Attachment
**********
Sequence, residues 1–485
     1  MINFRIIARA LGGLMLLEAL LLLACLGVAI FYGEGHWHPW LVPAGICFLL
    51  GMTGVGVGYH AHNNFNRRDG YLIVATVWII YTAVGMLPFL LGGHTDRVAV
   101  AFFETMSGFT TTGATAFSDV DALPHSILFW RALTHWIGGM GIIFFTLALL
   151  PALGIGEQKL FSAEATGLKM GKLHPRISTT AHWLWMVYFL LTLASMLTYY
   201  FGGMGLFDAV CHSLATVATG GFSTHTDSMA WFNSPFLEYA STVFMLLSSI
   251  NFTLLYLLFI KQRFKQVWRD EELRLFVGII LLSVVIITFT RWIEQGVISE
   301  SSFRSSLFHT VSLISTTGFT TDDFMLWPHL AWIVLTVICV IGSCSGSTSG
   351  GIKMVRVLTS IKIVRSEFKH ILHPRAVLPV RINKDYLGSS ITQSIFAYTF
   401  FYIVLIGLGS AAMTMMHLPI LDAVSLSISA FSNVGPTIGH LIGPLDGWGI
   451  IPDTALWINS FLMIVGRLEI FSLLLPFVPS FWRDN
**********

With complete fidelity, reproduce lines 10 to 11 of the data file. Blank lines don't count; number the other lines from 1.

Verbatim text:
   401  FYIVLIGLGS AAMTMMHLPI LDAVSLSISA FSNVGPTIGH LIGPLDGWGI
   451  IPDTALWINS FLMIVGRLEI FSLLLPFVPS FWRDN